The application of the principle of "Lo Tisgodedu" in this context is difficult to understand. In Yevamos (14a), Rava and Abaye disagree about the extent of the application of "Lo Tisgodedu." Rava maintains that it applies only to a single Beis Din in a single city; that is, two judges in one Beis Din may not follow two different practices because of "Lo Tisgodedu." Abaye maintains that even two Batei Din in one community may not have two different practices. In two different communities, though, they may have two different practices.

According to both Rava and Abaye, why does "Lo Tisgodedu" apply in the case of the Gemara here? The Gemara's case involves two completely different places -- Eretz Yisrael and outside of Eretz Yisrael, and thus "Lo Tisgodedu" should not apply even according to Abaye.

ANSWERS:

(a) The MAHARASHDAM (YD 153) and the NETZIV explain that even though the actual prohibition of "Lo Tisgodedu" does not apply in such circumstances, nevertheless it would be improper for the Rabanan to make an enactment l'Chatchilah that gives different practices to different groups of Jews. Accordingly, when the Rabanan enacted that the Lulav not be held on Shabbos, they included Jews in all places in that enactment. Other practices of Jews of one place which Jews of another place do not share are not practices that were enacted by the Rabanan. Rather, they are Minhagim, customs, that developed in one place and did not develop in the same way in another place. The prohibition of "Lo Tisgodedu" does not apply to such customs.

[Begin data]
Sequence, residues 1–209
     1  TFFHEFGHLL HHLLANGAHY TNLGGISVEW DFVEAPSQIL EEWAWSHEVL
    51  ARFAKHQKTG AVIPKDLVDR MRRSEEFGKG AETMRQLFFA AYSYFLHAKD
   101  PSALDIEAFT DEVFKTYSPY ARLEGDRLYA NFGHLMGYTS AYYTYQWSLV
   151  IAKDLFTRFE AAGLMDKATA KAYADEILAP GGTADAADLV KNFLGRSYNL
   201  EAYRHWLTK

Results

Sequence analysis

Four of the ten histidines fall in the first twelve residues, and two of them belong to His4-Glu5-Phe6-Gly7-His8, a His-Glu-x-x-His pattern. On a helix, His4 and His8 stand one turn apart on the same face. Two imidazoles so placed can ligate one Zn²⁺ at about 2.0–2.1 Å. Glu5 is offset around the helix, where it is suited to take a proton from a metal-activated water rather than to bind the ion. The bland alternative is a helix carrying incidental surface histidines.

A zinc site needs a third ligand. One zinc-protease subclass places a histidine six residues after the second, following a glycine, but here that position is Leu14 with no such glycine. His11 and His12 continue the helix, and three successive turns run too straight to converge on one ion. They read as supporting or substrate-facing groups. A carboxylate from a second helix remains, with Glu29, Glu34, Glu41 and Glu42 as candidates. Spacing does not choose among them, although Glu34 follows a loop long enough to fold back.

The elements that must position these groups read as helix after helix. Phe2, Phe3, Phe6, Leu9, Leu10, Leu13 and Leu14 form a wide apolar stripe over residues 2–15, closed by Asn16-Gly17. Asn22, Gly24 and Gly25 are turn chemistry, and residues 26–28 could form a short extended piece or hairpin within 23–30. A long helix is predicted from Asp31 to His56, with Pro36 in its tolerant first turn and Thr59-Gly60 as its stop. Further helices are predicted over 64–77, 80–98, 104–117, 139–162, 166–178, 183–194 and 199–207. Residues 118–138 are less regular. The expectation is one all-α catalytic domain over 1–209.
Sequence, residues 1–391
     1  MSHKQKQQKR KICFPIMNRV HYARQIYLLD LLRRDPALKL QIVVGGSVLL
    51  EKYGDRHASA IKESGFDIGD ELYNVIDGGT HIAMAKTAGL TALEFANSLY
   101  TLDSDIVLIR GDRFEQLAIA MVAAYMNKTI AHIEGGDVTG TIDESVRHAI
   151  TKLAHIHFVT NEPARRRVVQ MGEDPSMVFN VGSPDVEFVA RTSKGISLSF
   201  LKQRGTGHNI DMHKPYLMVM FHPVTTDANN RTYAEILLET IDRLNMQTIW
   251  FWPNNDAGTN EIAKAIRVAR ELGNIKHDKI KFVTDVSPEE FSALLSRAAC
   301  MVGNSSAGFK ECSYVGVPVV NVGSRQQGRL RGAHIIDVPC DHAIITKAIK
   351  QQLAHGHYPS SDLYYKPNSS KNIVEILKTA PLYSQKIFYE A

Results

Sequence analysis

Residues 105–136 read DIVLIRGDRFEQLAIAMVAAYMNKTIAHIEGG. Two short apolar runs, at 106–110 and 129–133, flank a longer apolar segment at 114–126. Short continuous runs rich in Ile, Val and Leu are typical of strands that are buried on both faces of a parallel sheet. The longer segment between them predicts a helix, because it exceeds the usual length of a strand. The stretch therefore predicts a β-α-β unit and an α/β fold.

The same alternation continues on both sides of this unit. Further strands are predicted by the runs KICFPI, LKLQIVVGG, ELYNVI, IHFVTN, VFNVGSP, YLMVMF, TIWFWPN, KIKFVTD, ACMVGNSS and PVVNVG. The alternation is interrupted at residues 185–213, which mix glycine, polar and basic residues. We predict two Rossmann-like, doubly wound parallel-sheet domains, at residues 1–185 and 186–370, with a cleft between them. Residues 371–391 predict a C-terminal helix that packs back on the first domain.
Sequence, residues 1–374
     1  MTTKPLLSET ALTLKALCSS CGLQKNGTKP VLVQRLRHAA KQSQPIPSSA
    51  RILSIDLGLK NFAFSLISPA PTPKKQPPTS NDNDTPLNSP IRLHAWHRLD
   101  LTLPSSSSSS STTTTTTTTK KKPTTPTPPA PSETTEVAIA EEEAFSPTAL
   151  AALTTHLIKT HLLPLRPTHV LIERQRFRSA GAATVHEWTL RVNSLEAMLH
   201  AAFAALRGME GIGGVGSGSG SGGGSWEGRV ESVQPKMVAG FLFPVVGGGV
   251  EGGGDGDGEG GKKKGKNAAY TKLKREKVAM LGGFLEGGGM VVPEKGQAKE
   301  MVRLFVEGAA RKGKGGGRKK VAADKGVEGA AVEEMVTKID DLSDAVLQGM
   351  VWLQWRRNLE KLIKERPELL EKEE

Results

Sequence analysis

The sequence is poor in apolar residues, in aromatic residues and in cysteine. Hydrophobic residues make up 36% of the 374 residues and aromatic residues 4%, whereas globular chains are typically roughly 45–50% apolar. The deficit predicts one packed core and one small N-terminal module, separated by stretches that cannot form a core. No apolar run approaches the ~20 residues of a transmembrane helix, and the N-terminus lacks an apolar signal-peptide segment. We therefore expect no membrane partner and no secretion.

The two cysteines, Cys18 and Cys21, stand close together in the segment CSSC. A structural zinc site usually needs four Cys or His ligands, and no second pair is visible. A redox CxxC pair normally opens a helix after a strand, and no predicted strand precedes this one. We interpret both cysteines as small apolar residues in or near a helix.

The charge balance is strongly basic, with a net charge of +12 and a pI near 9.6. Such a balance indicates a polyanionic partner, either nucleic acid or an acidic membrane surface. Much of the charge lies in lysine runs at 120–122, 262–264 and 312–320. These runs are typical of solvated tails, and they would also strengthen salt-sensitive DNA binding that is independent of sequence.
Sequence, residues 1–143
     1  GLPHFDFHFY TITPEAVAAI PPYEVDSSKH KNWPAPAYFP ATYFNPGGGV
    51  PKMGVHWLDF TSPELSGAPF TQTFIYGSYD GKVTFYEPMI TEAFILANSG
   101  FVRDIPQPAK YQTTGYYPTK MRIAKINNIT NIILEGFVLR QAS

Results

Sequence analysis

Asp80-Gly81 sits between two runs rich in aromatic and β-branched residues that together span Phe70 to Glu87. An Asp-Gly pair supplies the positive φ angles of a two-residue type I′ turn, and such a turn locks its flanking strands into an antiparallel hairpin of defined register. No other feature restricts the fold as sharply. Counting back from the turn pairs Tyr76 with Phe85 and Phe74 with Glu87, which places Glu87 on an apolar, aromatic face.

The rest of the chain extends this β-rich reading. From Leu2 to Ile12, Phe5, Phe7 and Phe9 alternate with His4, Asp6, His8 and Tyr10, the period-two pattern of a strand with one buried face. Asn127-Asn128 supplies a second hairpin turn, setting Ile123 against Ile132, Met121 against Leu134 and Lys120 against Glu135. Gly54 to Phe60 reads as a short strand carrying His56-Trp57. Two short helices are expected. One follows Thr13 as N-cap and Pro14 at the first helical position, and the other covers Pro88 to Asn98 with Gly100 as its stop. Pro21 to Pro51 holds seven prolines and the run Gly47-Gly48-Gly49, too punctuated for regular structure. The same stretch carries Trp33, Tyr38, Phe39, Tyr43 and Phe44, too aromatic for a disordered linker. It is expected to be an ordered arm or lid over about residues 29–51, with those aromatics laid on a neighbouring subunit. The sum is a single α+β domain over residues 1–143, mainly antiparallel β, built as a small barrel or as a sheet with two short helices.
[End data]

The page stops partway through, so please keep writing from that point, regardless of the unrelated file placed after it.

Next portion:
(b) The KAPOS TEMARIM explains that the people outside of Eretz Yisrael used to come to Yerushalayim during the festivals to fulfill the Mitzvah of "Aliyah l'Regel." While they were in Yerushalayim, they were bound to observe their normal practices and not hold the Lulav on Shabbos. Their practice, however, contradicted the practice of the native residents of Yerushalayim, who held the Lulav on Shabbos. The Rabanan instituted that the residents of Yerushalayim not hold the Lulav on Shabbos so that there would not be two divergent practices in one city. The Gemara, therefore, follows the opinion of Abaye, who says that in one city the principle of "Lo Tisgodedu" applies.